TEN students from Saint Francis School-VSA Arts Philippines, including their parent chaperones and mentors, participated in last month’s Rock & Art 2017 Osaka Festival held at Nakano-cho Miyahojima-ku, Osaka Prefecture, Japan.
The delegates, who consisted of kids with various disabilities and talents—mostly deaf kids with hearing implants—showcased their talent in Saori Japanese weaving, cultural dances and modeling.
Saori is a handweaving program founded in 1968 by Misao Jo, a Japanese lady, for self-expression and had produced 40,000 weavers in Japan, regardless of age, gender, disability or intellectual aptitude. It was then brought overseas in more than 40 countries.
For differently-abled individuals, Saori focuses on a unique weaving technique: the more mistakes, the better. The result is one-of-a-kind woven tapestry showcasing the individual’s creativity.
The woven materials are transformed into products from cute kikay bags, ecobags and lady’s bags, wallets, passport holders, hats, headdresses, stuffed toys, key chains, earrings, scarves, shawls, vests, T-shirts, unisex tops and dresses, among others.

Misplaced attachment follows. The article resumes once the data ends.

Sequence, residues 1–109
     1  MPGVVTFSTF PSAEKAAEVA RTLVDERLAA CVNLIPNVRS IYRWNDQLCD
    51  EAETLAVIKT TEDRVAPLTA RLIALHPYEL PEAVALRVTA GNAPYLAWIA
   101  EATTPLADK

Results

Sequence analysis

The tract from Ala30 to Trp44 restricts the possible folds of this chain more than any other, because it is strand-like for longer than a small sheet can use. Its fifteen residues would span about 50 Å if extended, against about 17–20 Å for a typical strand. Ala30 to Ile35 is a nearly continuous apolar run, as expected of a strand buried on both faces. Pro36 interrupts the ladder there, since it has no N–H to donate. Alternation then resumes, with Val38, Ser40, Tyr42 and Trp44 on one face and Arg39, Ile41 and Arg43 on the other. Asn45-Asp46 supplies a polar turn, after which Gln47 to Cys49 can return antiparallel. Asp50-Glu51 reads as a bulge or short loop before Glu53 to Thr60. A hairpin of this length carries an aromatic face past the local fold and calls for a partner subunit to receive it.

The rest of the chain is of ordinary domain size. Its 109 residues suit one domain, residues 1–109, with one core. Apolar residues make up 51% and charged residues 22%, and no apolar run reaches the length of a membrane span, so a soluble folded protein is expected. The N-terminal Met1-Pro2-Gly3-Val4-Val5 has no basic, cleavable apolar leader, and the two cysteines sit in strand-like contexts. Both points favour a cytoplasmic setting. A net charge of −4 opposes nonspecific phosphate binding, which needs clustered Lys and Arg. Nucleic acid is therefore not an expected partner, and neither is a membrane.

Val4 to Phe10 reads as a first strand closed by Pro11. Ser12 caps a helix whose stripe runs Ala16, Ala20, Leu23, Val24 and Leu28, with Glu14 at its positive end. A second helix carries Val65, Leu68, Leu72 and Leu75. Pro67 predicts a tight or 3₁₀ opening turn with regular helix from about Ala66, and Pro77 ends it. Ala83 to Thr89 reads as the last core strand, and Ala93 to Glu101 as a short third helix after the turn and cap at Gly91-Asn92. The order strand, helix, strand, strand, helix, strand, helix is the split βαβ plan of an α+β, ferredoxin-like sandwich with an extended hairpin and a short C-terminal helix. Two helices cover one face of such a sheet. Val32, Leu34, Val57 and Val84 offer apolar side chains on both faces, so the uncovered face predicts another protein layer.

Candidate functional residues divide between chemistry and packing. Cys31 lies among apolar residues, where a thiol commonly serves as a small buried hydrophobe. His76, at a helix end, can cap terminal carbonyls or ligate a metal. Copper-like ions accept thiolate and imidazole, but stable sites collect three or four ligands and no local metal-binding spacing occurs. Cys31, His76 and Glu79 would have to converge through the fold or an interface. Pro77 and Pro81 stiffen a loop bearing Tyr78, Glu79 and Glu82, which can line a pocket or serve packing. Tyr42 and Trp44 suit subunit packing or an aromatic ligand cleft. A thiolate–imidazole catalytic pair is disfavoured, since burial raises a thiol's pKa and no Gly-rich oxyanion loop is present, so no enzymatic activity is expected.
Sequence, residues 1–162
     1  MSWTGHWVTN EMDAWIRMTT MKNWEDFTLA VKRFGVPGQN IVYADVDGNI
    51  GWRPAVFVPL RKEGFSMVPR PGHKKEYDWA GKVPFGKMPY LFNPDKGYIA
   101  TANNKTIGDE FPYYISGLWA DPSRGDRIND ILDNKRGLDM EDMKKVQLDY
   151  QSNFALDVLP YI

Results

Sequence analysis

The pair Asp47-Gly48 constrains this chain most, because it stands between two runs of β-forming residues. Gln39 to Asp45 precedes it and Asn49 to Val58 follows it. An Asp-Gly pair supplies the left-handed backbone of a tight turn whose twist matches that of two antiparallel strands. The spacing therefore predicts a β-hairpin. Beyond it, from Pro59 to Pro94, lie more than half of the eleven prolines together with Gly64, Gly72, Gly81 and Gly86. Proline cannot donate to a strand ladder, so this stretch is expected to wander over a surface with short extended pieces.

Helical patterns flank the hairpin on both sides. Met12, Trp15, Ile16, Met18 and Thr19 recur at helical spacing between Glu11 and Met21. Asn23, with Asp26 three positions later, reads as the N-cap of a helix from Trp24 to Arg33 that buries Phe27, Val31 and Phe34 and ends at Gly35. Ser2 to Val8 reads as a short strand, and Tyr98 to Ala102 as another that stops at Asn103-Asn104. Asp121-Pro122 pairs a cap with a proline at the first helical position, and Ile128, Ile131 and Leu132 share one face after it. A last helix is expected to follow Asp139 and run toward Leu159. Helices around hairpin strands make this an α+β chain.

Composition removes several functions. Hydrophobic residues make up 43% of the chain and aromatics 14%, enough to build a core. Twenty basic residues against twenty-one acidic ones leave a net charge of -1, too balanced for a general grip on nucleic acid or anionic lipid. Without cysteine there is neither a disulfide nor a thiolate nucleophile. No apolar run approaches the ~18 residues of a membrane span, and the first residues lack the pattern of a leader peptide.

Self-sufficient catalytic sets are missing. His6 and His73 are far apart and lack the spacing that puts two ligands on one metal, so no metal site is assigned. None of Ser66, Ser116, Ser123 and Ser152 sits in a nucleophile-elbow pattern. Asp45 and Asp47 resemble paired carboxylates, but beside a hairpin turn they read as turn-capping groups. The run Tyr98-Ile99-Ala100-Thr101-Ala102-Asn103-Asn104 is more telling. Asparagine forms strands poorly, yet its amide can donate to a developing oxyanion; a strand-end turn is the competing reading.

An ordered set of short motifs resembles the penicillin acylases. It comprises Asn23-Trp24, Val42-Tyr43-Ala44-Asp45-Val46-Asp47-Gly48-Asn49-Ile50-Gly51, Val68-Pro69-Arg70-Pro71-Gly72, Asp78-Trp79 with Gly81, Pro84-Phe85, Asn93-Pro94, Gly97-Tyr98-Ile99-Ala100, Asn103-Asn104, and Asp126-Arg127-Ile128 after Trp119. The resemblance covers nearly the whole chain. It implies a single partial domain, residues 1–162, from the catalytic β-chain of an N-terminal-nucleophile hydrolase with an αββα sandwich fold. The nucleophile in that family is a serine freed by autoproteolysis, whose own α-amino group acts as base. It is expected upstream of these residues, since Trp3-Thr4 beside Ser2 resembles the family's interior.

The technology is specifically designed to engage differently-abled persons in handloom weaving as a therapeutic rehabilitation for their physical, mental, social and vocational ability. It features a hand-held lever in place of the treadle in interchanging heddles to lock wefts.
The therapeutic handlooms also promote easy-weaving comprehension as they only need eye-hand coordination for their users. Saori weaving has always been included at Saint Francis School’s special curriculum called Learning Through the Arts.
Saint Francis School in Quezon City served as a Saori urban hand-weaving center, with four portable handweaving looms from Japan and Thailand, plus 10 new looms designed and donated by the Department of Science and Technology-National Capital Region-Philippine Textile Research Institute on May 4.
Over the years, Saori Osaka has been the training ground among Asians wanting to immerse themselves in the weaving therapy, interact with persons with disabilities and learn Japanese culture. It was the first time Saori Osaka invited Saint Francis School to the festival.